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10K+ public sector workers lost their jobs in AB since Apr 2021

Alberta still has the highest unemployment rate outside of Atlantic Canada.

The federal government released their April 2022 job numbers last week, and job numbers are up in Alberta.

The net increase to jobs between last month and March was 16,000.

Compared to February 2020, the month before the Alberta government implemented pandemic restrictions for the first time, total jobs are up 64,800.

Among workers 25 years of age and older, women workers saw the larger job increases, by far, between March and April. There were 11,000 more women over 25 back at work last month compared to February. That number increases to 13,600 if you include those who are 15–24 years old.

On the other hand, 1,600 fewer men over 25 were employed in February over the previous month—but the loss increases to 2,400 more men if you include the younger group.

Statistics Canada provided no data on non-binary workers.

In Alberta, 9 job sectors saw job gains for November (with “wholesale and retail trade” seeing the highest gains: 11,200).

The 7 remaining sectors reported by Statistics Canada saw job losses in Alberta:

  • Business, building and other support services (-3,900)
  • Other services (-3,600)
  • Information, culture and recreation (-1,600)
  • Forestry, fishing, mining, quarrying, oil and gas (-1,200)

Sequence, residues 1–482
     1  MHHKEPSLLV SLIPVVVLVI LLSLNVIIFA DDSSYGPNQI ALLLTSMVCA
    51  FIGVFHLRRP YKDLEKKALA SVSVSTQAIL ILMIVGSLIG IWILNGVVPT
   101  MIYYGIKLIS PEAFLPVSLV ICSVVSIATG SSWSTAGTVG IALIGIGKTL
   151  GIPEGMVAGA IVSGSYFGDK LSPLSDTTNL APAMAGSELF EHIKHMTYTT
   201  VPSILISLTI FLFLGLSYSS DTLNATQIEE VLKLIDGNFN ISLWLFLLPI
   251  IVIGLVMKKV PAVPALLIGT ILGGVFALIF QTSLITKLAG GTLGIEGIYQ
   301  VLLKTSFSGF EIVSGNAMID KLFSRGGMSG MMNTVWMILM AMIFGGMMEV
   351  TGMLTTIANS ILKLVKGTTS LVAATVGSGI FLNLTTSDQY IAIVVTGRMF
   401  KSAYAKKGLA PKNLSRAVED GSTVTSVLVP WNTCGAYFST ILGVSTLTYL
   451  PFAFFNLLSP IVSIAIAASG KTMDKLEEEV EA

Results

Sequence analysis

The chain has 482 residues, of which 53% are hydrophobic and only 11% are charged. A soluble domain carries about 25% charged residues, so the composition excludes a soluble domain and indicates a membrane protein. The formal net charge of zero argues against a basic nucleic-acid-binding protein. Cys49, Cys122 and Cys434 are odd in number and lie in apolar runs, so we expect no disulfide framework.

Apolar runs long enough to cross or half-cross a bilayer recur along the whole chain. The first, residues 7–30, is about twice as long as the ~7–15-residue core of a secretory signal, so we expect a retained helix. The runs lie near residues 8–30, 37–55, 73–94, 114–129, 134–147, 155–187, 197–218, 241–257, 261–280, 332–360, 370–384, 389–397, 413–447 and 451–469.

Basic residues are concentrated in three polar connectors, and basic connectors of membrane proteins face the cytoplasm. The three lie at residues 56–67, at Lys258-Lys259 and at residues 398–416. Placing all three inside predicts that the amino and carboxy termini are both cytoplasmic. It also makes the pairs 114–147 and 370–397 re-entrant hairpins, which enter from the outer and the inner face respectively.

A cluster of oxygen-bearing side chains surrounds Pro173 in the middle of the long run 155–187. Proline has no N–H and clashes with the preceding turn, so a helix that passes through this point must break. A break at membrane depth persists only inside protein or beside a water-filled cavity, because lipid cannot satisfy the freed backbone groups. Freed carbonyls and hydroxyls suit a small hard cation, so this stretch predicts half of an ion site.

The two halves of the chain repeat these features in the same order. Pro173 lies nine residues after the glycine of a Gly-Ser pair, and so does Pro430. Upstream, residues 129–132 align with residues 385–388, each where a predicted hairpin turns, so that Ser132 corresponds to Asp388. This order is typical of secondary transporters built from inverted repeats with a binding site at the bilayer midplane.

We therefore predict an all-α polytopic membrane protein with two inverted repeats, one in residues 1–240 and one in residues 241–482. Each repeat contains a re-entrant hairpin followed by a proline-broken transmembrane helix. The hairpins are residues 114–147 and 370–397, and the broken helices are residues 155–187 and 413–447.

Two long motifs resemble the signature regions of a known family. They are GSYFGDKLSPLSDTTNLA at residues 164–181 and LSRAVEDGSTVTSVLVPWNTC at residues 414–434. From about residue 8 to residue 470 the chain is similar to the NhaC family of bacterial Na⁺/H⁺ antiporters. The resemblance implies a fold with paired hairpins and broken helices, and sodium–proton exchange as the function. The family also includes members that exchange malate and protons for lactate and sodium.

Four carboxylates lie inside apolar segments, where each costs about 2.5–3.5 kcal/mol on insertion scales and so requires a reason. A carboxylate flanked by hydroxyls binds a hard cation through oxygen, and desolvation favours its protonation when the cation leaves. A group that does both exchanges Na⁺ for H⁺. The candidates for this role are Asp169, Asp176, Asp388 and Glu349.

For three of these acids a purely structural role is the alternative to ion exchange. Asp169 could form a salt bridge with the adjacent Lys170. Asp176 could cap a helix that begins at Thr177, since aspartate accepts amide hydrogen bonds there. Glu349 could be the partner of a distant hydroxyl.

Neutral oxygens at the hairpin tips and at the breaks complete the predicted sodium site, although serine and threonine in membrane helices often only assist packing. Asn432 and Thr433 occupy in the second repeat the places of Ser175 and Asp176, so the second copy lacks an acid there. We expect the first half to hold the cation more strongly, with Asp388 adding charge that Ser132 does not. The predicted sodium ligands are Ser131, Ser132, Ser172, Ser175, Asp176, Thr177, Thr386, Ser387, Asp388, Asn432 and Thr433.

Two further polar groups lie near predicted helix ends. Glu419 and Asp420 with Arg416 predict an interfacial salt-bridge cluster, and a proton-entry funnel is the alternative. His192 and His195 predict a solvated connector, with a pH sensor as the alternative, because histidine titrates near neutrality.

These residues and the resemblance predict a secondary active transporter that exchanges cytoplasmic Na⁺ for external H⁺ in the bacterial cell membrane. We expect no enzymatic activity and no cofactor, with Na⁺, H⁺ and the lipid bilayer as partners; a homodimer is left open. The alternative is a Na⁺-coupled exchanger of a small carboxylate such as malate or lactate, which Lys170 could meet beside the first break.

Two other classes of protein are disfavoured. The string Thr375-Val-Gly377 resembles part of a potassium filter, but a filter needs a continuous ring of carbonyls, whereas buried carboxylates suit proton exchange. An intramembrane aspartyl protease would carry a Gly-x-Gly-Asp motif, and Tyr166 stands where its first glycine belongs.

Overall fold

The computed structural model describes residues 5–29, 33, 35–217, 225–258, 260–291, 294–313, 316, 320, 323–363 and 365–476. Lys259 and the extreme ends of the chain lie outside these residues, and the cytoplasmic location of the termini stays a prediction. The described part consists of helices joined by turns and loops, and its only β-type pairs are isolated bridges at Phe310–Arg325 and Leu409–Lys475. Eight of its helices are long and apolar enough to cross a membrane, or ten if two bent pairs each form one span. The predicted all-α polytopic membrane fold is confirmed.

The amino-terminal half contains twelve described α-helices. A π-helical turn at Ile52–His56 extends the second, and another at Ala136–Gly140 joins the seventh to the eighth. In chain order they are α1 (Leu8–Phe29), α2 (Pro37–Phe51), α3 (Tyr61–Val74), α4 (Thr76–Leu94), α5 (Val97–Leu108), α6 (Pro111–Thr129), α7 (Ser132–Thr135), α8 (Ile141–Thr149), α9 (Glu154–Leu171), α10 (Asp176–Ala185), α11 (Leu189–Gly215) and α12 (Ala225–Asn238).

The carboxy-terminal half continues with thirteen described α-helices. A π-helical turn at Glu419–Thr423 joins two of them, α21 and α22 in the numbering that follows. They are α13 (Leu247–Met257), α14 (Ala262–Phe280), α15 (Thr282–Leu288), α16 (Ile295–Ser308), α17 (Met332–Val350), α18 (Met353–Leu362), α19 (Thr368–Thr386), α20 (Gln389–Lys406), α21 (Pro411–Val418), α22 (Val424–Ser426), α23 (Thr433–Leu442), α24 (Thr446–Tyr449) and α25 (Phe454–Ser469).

• Manufacturing (-700)
  • Construction (-600)
  • Utilities (-400)

Combined, these 9 industries lost 12,000 jobs.

Labour Force Survey in brief: Interactive app, Statistics Canada

Compared to a year ago, the industry with the highest job losses was “other services”. “Wholesale and retail trade” saw the largest increase over the last year.

Wholesale and retail trade55,00016.60%
Accommodation and food services33,80033.30%
Information, culture and recreation18,00028.90%
Professional, scientific and technical services12,1006.60%
Forestry, fishing, mining, quarrying, oil and gas10,8007.90%
Health care and social assistance8,8002.90%
Public administration7,1007.20%
Business, building and other support services2,2003.00%
Construction3000.10%
Finance, insurance, real estate, rental and leasing-600-0.50%
Transportation and warehousing-1,500-1.20%
Manufacturing-1,800-1.40%
Educational services-1,800-1.10%
Agriculture-3,200-8.60%
Utilities-7,500-30.60%
Other services (except public administration)-13,100-12.90%